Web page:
To build the stone basins, the peasants begin by aligning stones obtained by breaking or exploding rocks by fire, which are then brought to the future cultivation site.

The low walls, which vary in height from 30 cm to 1.5 m, are crossed at right angles, delimiting plots of one to two square meters. Each plot is then filled with soil mixed with plant debris, collected from the fields or near springs and brought to the gardens in baskets, on the back of a man. The soil thus reconstituted reaches 10 cm to 100 cm in thickness and is then leveled.

The edges of cultivated pits can also be constructed of earth.

These partitioned ridges are highly valued for the water and soil conservation they allow. Their stone or earthen borders are normally watertight, unless a given section breaks. Heavy and sudden downpours can cause damage to the ridges by cutting them in several places. Heavy and sudden downpours can cause damage to the logs by cutting them in several places. Under normal circumstances, the watertightness of the ridges allows almost all the rainwater to be stored in the ridge. This eliminates runoff and erosion and keeps the soil moist for a long time.

Family garden exploiting the waffle box technique

Onion and shallot are planted in waffle gardens as well as some tomatoes and chili in the dry season and then eggplant, corn, or millet in the wet season. Watering is done by hand from a nearby spring. Yields obtained from onion production are 30 tons per hectare.

The downward trend in rainfall in the region has favored an increase in the practice of partitioned ridges in order to store every drop of water that falls on the developed fields. Thus, in some localities north of Bandiagara where soil conditions are favorable for ridges, the practice of the partitioned ridge technique is intense.

Pit cultivation technique "wégou"

The technique of cultivating in dug-out troughs used by the Dogon is similar to that of the Burkinabe "zaï”, and some researchers claim that the practice of zaï originated in Mali. In Dogon country, this type of bowl is called a "wégou. As elsewhere in the Sahel, this cultivation technique is practiced on relatively deep, armored soils that are difficult to work and far from water points.

Pits can be edged downhill with a crescent of soil to capture more runoff water.

Wégou pits lined with a crescent-shaped earthen embankment to retain runoff

The wégous are dug in the dry season. The small planting pits are mulched with crop residues and amended with manure which leads to an increase in termite activity which, in turn increases the rate of water infiltration when the rains come. Millet or other plants are sown in the individual holes, which also helps to protect the seedlings from the drying effects of wind at the time of sowing and seedling growth.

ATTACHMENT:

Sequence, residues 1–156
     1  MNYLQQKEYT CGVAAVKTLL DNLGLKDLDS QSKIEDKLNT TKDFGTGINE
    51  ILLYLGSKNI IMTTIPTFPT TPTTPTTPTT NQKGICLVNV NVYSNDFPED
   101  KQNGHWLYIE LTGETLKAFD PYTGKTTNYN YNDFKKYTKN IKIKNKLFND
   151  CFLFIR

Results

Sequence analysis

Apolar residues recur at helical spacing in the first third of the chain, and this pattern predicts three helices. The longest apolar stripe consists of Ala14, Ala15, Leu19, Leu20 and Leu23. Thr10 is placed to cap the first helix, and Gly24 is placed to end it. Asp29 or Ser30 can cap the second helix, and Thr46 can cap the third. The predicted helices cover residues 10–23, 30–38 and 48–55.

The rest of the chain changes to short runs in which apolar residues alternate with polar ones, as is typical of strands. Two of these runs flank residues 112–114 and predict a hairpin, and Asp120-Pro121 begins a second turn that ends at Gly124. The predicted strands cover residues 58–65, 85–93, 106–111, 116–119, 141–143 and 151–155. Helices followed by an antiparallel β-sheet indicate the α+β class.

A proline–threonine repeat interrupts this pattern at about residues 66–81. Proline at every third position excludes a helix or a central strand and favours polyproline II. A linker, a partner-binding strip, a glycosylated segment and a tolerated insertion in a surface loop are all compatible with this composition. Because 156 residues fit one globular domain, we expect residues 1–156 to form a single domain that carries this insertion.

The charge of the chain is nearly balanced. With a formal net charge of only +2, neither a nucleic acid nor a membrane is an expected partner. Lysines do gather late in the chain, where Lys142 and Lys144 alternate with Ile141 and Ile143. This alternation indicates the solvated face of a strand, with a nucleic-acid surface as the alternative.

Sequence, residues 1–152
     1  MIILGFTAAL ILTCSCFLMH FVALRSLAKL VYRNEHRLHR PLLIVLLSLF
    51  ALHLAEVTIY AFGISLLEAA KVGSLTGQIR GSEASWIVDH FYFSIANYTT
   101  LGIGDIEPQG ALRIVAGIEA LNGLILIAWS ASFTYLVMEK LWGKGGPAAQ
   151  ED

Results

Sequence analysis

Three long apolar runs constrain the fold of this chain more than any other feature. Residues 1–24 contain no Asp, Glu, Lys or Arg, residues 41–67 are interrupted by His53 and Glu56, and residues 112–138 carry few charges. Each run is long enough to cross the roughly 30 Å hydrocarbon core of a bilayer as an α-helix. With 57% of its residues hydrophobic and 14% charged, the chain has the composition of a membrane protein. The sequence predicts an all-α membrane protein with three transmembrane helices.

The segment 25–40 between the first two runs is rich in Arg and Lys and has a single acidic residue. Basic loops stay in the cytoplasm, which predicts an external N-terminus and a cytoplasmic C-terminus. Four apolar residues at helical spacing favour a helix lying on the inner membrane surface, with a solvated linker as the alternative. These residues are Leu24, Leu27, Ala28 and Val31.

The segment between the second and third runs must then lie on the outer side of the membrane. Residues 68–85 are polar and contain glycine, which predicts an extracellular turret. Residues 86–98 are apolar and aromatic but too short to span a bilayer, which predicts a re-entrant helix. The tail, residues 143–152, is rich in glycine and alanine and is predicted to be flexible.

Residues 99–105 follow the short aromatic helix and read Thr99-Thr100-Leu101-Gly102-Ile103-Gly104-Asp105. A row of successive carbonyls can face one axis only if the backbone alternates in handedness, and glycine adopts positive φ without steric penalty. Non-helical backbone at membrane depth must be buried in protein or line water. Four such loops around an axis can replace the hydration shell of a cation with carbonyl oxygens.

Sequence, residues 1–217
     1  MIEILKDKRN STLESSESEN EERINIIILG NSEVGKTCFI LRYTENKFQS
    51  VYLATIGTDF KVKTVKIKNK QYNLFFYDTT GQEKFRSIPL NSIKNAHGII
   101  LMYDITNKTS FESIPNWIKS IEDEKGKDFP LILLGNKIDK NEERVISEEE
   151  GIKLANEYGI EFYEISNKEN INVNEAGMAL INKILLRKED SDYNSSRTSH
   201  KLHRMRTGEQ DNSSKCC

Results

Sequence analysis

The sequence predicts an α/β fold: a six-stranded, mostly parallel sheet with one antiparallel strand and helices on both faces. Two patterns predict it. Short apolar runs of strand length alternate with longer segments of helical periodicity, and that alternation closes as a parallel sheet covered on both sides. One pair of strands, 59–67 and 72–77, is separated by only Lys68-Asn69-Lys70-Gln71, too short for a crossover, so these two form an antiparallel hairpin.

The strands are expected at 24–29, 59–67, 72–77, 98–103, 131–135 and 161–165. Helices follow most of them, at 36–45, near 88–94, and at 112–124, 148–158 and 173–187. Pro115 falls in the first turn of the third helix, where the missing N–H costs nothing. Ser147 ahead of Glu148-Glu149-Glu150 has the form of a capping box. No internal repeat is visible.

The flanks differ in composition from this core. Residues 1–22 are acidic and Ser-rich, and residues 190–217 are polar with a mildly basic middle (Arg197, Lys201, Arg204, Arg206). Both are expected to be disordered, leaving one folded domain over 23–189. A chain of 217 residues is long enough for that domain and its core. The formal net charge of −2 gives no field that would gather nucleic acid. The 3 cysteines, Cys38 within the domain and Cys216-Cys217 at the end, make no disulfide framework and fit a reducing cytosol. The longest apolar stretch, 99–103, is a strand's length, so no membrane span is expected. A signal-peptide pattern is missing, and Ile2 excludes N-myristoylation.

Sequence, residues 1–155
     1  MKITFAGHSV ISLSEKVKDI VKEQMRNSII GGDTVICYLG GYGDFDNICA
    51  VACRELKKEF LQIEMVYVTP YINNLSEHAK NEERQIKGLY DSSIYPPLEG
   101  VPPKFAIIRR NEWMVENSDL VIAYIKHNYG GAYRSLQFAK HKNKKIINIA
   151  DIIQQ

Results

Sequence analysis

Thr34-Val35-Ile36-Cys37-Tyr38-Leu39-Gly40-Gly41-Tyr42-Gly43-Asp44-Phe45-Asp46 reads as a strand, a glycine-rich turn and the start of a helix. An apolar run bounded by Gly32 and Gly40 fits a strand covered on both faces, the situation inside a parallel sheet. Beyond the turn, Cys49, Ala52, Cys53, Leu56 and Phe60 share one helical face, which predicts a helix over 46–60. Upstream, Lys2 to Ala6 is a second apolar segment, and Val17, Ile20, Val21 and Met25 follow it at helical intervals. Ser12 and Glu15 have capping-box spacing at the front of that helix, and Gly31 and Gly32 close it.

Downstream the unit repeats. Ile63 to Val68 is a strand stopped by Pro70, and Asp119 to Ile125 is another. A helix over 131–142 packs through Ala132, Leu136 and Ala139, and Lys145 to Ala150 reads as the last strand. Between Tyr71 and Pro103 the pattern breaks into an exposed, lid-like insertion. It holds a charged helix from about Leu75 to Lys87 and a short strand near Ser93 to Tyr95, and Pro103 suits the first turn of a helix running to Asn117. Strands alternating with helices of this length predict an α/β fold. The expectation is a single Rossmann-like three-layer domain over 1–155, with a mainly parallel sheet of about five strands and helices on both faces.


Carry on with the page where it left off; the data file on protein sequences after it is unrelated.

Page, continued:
Wégou pits lined with a crescent-shaped earthen embankment to retain runoff

The "wégou system" can combine other methods of land rehabilitation and fertilization and rainwater retention such as that of stone cordons that slow runoff and promote water infiltration.

Wégou pits with manure

Used to concentrate scarce resources (water organic matter) and improve poor, bare soils in arid areas wégous create a micro environment that increases drought resistance. The troughs reduce runoff and retain rainwater for 24 hours, even 48 hours after it falls. Millet growing in the troughs benefits from a lot of moisture. This system improves crop yields. When asked about the extent and benefits of the troughs, a resident of the village of Roundialan said, "In our village, all the families practice the wégous technique. Without these troughs, some of our fields would produce too little, others would not even produce.

Technique of strips of stems and leafy branches

The technique of strips of stems and leafy branches can be a complement to the wégous. Stems from the previous season that the farmer stumps up as he prepares his field for the new rainy season, and foliage and branches cut from around the fields are used to slow erosion.

They are intentionally placed in a strip so that during the first rains the drops that fall on them do not tear off particles of soil. This technique partially mitigates evaporation, because a certain amount of sunlight is reflected at the level of the stems and does not reach the ground. The stems put in strips, will decompose over the seasons and will also acquire a fertilizing power.

During the first year of their installation, the strips of stems slow down the diffuse runoff and favor the deposits of organic debris and earth particles. In order for them to be more effective in their conservation roles, their reinforcement with some stones is necessary because left to their own devices, the stem strips resist very little to storm gales and runoff.

Strips of leafy stems and branches

Foliage strips limit erosion promote infiltration and also mitigate the force of winds if they are themselves reinforced with a few stones. Leaves falling on the ground will loosen it and create a space rich enough in organic substances as it decomposes.